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Monday, March 4, 2024

Promoting urban, peri-urban agriculture for food security

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During the COVID-19 pandemic, when restrictions were prevalent, people saw a decline in available food resources and became distressed. Fortunately, urban and peri-urban agriculture also became increasingly popular among city folk, showing them the significance of growing their food.

Although not an entirely new practice, it gave the public something to do and a reliable food source.

Seeing the positive turnout from metro residents, the local government, with private and public institutions, continues to promote achieving food security in the Philippines by 2050.

The Department of Agriculture promotes it through the National Urban and Peri-Urban Agriculture Program (NUPAP), a policy direction of the DA to increase food production and lessen the logistic costs to soften the impact of global concerns like food security, climate change, and the rising costs of fuel and other inputs.

It shall also provide material, technical, and funding support to urban and peri-urban agriculture programs and activities.

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DA-Bureau of Plant Industry (DA-BPI) Director Gerald Glenn F. Panganiban said during a recent Pandesal Forum at the Kamuning Bakery Cafe that the NUPAP is “a sustainable way of living” as it helps produce food for a city or community.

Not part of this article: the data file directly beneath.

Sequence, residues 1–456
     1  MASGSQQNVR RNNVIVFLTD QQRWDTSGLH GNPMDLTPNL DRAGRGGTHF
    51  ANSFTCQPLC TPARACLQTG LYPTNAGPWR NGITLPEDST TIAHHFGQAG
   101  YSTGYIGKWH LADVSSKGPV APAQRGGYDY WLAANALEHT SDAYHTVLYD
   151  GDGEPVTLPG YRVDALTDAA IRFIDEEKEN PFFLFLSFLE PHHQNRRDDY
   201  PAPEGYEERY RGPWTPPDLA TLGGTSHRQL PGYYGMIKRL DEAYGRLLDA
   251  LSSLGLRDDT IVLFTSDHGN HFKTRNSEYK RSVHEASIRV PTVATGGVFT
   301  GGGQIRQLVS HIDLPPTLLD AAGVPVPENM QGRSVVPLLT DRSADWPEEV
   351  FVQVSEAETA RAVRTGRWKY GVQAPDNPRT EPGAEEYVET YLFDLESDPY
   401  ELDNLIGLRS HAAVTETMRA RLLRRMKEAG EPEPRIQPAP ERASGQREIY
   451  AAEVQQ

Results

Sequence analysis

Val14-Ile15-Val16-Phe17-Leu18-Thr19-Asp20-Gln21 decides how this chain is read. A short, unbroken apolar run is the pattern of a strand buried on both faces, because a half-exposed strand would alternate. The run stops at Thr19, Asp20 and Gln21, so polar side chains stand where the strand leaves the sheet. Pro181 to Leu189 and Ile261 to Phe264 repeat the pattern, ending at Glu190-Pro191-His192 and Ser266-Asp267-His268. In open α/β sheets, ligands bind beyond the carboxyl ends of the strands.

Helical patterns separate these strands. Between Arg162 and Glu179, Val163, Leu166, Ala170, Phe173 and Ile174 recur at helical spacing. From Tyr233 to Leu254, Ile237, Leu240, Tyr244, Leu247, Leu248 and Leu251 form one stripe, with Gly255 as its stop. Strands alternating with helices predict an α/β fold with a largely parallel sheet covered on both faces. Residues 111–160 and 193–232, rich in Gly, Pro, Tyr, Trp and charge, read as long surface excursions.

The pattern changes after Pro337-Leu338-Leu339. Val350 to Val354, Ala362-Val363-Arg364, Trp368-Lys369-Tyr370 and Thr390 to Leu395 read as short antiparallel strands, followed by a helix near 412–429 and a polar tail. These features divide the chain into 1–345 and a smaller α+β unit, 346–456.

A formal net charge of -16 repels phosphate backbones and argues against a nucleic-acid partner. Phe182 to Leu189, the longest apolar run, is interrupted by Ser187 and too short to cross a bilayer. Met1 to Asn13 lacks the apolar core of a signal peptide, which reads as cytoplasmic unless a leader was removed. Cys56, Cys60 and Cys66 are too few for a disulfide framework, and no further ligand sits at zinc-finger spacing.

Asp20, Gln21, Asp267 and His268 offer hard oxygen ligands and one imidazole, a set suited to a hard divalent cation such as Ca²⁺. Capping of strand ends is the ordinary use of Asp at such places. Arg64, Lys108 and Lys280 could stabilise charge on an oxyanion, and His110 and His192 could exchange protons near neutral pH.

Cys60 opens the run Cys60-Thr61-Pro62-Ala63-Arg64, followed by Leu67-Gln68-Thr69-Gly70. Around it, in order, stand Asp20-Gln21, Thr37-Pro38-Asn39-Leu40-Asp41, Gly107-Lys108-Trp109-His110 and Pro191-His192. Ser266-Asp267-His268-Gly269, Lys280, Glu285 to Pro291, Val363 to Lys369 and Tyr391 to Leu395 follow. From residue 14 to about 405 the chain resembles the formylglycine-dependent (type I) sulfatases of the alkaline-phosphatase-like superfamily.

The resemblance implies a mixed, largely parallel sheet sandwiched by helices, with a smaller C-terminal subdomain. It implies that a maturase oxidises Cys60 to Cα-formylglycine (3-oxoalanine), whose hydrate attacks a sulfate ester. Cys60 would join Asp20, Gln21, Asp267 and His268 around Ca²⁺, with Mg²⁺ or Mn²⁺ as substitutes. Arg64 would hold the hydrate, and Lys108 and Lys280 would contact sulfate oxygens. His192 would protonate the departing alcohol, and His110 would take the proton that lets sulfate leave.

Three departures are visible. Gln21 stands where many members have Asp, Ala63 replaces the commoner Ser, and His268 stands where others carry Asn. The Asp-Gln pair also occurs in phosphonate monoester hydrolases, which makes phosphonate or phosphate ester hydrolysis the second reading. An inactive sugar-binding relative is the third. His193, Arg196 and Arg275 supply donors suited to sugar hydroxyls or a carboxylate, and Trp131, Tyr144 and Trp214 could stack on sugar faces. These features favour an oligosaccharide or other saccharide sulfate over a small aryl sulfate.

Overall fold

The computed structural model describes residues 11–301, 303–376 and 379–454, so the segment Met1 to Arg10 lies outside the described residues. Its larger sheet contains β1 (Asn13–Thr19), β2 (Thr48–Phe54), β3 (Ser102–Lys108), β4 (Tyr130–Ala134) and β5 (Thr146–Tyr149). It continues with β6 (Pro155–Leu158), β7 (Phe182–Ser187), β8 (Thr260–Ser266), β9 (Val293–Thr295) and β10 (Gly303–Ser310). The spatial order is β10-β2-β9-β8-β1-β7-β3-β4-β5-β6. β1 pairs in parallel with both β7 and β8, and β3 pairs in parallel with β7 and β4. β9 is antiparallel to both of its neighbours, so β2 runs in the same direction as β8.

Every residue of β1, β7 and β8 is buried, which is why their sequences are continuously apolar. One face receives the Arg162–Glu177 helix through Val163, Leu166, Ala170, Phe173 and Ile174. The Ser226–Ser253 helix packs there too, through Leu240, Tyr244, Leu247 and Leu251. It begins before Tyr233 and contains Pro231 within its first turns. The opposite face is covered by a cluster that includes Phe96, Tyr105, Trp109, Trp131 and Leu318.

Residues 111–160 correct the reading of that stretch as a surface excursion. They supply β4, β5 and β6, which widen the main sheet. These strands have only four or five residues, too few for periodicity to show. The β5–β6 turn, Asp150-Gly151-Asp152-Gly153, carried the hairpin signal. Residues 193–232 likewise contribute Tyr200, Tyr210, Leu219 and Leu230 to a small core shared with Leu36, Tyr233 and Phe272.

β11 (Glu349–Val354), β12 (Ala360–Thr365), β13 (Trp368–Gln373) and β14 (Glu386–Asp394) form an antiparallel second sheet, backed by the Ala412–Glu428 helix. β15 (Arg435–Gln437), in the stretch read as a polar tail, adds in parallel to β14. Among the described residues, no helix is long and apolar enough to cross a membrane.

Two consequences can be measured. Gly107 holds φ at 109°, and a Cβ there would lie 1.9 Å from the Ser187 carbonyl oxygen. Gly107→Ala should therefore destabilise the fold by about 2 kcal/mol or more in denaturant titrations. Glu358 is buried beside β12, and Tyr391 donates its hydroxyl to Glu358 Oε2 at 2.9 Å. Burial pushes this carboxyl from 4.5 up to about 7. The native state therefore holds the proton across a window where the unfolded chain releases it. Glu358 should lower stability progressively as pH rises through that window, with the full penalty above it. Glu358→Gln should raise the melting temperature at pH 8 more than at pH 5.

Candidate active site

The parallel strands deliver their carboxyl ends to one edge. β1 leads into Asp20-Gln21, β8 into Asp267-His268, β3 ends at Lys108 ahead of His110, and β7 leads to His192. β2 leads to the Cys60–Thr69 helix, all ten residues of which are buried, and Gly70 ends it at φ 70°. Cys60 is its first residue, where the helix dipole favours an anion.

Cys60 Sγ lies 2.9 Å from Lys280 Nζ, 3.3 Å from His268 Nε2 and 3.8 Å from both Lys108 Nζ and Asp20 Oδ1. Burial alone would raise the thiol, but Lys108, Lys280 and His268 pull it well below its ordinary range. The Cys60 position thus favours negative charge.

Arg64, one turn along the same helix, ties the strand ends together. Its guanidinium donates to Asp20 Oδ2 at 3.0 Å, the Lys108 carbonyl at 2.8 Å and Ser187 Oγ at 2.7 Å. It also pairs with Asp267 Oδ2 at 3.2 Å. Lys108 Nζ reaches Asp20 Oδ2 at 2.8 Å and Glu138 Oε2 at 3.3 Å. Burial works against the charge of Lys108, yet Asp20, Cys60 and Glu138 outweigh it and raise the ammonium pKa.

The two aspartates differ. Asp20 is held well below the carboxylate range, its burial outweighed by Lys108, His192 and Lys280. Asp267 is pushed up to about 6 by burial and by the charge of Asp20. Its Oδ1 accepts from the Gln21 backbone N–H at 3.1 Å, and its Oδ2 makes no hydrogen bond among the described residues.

From left: University of Arizona Professor Joel Cuello, FFCCCII President Cecilio K. Pedro, DA-BPI Director Gerald Glenn Panganiban, former DA Secretary William Dar, and Wilson Lee Flores at Kamuning Bakery Cafe

The primary goal now is to sustain efforts in promoting the program, which is why Panganiban shared that BPI continuously partners with other institutions to make the NUPAP sustainable.

“We want to really upscale and to engage the private sector, with the technology provided, so we can realize kung ano ba talaga ‘tong mga technology na pwedeng makabenefit sa ating mas maraming citizens (We want to really upscale and to engage the private sector, with the technology provided, so we can realize what these technologies really are that can benefit more of our citizens),” Panganiban said.

Also present during the recent Pandesal Forum last November 27 were former DA Secretary William Dar, the Federation of Filipino-Chinese Chambers of Commerce and Industry Inc. (FFCCCII) President Cecilio K. Pedro, Professor of Biosystems Engineering and Director of the Global Initiative for Strategic Agriculture in Dry Lands (GISAD) at The University of Arizona Joel Cuello, and realty entrepreneur Wilson Lee Flores as the moderator.

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